The daily news bombards us with stories about the evils that humans commit against one another--from acts of interpersonal violence such as rape and murder, to atrocities perpetrated on a massive scale, such as genocide and terrorism. Ideas about what it means to be evil, and what it means to be just and good, continue to shape the ways that we understand and react to these incidents. Journeying through history to consider situations in which men and women have encountered, discussed, and embodied evil, this course will give students a deeper understanding of shifting cultural and religious concepts about evil that shape modern societies and our everyday lives.
To say that an individual or group is evil is to condemn and delegitimize all that they represent. When George W. Bush grouped Iran with Iraq and North Korea as an "Axis of Evil" in 2002, he branded the nation as anathema not only to the United States, but to the world. When the Iranian leader Khomeni called the United States "the Great Satan" in 1979, he identified American imperialism as the root of corruption in the world. So is evil just a rhetorical tool that exists in the eyes of the beholder? This course considers how individuals and societies across history have constructed and deployed ideas about evil. We will begin by examining the origins of the idea of evil in religions and legal systems, before analyzing concepts of evil that have driven historical actions and events. Is it possible to define evil? How do different religions and societies approach the "problem of evil"? Is evil "unspectacular and always human"? Does it "share our bed and eat at our own table"? To answer these questions, this course will cover topics including heresy and inquisition, the Salem witch trials, Satanic cults, and representations of evil in music, literature, and film.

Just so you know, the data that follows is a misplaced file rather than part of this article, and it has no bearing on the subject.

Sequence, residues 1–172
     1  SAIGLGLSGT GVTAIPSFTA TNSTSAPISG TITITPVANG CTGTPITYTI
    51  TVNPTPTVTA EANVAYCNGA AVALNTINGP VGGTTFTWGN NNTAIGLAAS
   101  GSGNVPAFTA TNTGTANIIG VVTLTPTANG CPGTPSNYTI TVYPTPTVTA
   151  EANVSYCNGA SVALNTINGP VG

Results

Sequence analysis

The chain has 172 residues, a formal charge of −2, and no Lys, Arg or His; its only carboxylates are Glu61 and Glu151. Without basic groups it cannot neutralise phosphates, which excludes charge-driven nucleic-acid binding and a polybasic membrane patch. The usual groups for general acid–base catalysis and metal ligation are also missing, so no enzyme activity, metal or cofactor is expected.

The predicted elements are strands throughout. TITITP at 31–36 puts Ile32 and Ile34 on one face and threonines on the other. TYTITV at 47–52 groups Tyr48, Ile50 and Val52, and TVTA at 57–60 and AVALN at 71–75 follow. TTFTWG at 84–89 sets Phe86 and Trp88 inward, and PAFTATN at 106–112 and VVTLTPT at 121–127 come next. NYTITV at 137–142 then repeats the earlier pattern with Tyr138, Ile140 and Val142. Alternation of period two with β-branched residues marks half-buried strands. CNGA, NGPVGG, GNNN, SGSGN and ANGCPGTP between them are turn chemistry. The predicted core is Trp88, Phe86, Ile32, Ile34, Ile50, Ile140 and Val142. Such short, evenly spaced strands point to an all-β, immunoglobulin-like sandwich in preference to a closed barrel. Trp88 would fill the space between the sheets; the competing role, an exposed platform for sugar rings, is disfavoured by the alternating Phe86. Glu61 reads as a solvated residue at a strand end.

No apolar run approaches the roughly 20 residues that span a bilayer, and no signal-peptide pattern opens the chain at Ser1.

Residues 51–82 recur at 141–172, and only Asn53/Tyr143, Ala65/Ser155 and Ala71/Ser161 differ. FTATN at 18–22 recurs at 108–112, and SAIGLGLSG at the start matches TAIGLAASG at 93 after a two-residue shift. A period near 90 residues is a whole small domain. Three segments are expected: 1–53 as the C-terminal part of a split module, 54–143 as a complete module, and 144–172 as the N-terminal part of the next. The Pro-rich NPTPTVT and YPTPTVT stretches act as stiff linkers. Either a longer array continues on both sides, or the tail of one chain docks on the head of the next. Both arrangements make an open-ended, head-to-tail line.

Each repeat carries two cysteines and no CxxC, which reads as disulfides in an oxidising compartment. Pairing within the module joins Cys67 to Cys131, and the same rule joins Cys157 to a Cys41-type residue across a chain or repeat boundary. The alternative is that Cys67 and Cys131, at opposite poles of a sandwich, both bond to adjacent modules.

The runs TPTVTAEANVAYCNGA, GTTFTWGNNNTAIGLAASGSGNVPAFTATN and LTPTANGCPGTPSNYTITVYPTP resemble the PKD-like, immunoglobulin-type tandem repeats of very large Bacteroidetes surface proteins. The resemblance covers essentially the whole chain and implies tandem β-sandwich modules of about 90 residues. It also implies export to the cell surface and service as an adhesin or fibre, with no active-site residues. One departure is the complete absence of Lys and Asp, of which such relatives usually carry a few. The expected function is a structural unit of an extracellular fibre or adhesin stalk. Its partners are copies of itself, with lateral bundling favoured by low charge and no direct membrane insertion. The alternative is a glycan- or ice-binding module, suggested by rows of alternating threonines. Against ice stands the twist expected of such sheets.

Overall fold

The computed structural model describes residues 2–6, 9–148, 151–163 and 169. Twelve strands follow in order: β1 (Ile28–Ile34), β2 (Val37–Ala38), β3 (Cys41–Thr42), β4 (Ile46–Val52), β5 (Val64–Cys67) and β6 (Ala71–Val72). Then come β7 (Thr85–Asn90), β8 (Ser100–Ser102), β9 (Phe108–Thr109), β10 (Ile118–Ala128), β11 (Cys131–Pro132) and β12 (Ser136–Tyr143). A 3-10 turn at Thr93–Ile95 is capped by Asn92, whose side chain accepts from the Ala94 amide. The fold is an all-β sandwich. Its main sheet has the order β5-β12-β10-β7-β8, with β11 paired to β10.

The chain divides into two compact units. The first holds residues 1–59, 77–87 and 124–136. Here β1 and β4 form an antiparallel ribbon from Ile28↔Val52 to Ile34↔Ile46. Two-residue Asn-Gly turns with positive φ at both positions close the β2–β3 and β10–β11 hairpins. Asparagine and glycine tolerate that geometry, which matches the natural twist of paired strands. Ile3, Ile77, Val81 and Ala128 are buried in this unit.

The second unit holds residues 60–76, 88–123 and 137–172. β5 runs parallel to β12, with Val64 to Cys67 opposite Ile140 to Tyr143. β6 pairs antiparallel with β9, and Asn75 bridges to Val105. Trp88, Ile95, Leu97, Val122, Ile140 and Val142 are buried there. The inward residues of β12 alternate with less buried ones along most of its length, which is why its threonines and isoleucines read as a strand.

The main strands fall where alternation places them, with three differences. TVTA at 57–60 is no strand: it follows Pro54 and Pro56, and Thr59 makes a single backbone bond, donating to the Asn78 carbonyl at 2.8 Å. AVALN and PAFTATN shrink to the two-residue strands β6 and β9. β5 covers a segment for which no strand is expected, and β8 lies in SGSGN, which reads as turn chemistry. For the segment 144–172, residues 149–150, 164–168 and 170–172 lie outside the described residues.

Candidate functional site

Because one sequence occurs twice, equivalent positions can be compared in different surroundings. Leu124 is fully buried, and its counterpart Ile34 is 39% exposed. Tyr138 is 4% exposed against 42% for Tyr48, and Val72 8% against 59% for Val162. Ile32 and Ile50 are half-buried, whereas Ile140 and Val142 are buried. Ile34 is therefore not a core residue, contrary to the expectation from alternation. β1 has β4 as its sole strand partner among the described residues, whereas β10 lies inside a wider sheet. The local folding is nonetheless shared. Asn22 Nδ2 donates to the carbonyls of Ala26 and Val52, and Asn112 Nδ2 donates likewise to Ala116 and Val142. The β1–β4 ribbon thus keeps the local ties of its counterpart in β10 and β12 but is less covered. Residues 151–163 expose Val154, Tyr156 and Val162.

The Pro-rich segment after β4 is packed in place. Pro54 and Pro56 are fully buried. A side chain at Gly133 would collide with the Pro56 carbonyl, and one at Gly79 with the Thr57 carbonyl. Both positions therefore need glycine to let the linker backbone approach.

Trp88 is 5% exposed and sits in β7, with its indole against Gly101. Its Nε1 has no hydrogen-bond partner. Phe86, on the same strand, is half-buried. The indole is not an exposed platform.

This class will prepare students to transition from high school to college. Exploring issues of gender, religion, persecution, social class, racism, and imperialism, the course will provide an excellent foundation for AP history and college humanities courses. Students will hone their analytical skills by examining primary sources, writing analytical essays, and discussing historical themes and events. Through on-going feedback and evaluations, the instructor will encourage students to improve their reading, writing, and speaking skills. By the end of the session, students will become more proficient at participating in discussion and writing well-organized essays with an argument supported by specific evidence.
Prerequisites: Students should be able to read, write, and articulate ideas in English, but non-native speakers who are working to refine their skills in these areas are encouraged to enroll. No particular background in history or literature is required. However, students will find this course most useful if they arrive willing to engage with the material and respect the viewpoints of fellow classmates.